Psychology 409a - January 23, 2006
The Outrageous World of Driving and the Search for More Peaceful Travels
By Aaron Kenna Reich
Leon James and Diane Nahl (2000). Road Rage and Aggressive Driving: Steering Clear of Highway Warfare. (Amherst, N.Y.: Prometheus Books) pp 32-43
Instructions for this activity are found at:
Instructor: Dr. Leon James
Outline for second half of Chapter 1: Driving in the Age of Rage
I. The Outrageous World of Driving
This chapter informs the reader that road rage is a very real and culturally universal phenomenon; it is not simply the product of media hype nor is it limited to just the United States.
Driving has become increasingly dangerous since its invention, which is the result of several factors, including: the rise of competiveness in the contemporary world, depictions of anger and violence on television and in video games, and the growing population of motorists.
As the world becomes more populated, also do the road ways.
Media in cultures across the world recognize the growing threat of road rage. For example, England still uses the term "furious driving" in the Dangerous Driving Road Traffic Act of 1988.
Aggressive driving is a growing concern and currently kills two to four times more people than drunk driving. This is a very startling statistic for most people unfamiliar with the topic of road rage.
Negative thoughts have maladaptive physiological effects on people, such as stress, higher blood pressure, frustration, pessimism, and less effective mental productivity. For most people, driving generates negative thoughts and these subsequent symptoms. In other words, this worldwide aggressive pattern of driving is simply NOT HEALTHY.
Rage behavior is not limited to the driving arena. Aggressive behaviors have also been documented in other locations of high demand, such as surf spots, sidewalks, shopping malls, and parking lots.
II. The Search for More Peaceful Travels
Anger is a choice, not an instinct or an obligation. Darwin theorized that human aggression is biologically programmed and is no different from the rage reflex of animals when they are attacked. Researcher Carol Tavris thinks this model is too simplistic for humans, and instead, human beings have a choice in becoming angry or not. Thus, anger is not a triggered response but a learned habit.
The aggressiveness in road rage behavior is a behavioral strategy used to enforce domination of a stranger - someone who is seen as deserving punishment for having inconvenienced us, or having placed us in danger out of stupidity, or lack of caring.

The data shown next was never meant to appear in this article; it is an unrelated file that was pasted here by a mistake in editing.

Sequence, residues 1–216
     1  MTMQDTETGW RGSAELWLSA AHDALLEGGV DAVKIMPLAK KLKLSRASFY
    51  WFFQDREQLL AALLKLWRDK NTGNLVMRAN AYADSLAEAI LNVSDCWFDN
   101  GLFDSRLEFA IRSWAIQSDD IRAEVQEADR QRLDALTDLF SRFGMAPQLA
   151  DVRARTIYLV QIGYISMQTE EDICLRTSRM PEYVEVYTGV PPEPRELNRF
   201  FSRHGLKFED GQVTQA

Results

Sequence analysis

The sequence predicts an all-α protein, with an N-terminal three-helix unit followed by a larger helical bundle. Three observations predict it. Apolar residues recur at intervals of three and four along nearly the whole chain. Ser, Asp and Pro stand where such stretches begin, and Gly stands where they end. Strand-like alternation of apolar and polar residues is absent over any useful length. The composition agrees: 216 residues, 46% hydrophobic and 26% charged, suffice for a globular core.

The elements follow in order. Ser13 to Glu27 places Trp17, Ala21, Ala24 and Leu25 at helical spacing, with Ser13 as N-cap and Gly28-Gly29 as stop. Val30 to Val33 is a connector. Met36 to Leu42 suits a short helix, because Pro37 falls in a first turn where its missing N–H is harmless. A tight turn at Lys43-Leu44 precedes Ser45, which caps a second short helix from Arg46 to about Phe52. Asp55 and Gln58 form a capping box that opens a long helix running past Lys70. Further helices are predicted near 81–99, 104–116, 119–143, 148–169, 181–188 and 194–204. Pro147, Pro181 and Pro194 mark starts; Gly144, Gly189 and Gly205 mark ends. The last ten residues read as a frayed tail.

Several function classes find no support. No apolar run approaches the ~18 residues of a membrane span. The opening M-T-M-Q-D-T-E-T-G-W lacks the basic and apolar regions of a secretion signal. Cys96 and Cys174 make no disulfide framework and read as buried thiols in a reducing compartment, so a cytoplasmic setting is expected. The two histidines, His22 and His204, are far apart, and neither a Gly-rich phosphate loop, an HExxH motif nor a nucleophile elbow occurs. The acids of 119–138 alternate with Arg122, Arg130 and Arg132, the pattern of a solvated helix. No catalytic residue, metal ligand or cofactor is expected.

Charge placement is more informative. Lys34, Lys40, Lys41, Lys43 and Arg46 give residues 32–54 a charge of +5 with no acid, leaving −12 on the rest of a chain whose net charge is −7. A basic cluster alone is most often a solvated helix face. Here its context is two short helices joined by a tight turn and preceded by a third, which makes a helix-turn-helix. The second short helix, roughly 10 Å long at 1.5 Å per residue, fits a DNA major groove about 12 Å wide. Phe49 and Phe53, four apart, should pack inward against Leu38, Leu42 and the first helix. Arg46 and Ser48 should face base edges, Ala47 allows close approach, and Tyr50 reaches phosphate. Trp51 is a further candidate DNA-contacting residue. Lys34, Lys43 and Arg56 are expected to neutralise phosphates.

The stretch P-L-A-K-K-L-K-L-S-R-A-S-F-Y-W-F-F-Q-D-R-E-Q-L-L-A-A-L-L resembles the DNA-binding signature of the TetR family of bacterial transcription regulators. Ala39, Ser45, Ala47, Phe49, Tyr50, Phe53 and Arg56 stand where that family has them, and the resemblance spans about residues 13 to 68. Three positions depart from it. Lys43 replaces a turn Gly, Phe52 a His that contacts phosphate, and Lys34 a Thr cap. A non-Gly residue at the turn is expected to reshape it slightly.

Expressing anger through hostility behind the wheel can increase stress and decrease immune system functioning. Unfortunately, a large percentage of the population maintains the belief that venting anger is healthy and this misconception serves to justify road rage behavior.
As a driver it is important to be emotionally intelligent behind the wheel; that is, to transform immediate impulses to kill other drivers to a cool-headed response from the higher parts of the brain. Acting with rage and aggression is a very primitive way to handle any situation and it relies on the older structures of the brain, whereas a more compassionate response utilizes the new, cortical brain. The conscious recognition and transformation of an aggressive thought is essential for cultivating a safe and supportive driving personality.
This chapter ends with a discussion about emotional literacy, that is, the ability to understand and control one's own emotions and the emotions of other people. To improve one's emotional literacy, he or she must become aware of and monitor the sequence of their emotions and thoughts behind the wheel. Without emotional literacy, a person is not able to recognize aggressiveness. The shift from aggressive driver to supportive driver comes through developing a positive emotional disposition while driving.
III. Related Links
1. AAA Foundation for Traffic Safety - Here you can find an online quiz to measure your level of aggressiveness on the road. Remember, this is the first step to becoming a better driver! As the chapter in Dr. James' book specifies, emotional literacy is a requirement to become a supportive driver.
2. Techniques to Prevent Road Rage - This link offers excellent techniques to prevent road rage occurances. The primary technique of this link is to make a "sorry" gesture to other drivers, which involves letting go of one's pride. At times, even when one is not at fault, it is better to apologize and avoid an incident of road rage.
3. Emotional Intelligence - This is a link to a wealth of information on the topic of emotional intelligence. As these outlines progress, there will most likely be more specific aspects of emotional intelligence that will be addressed. For now, this is an overview of the topic, a topic that is very related to driving psychology, and a topic that could some day save your life.
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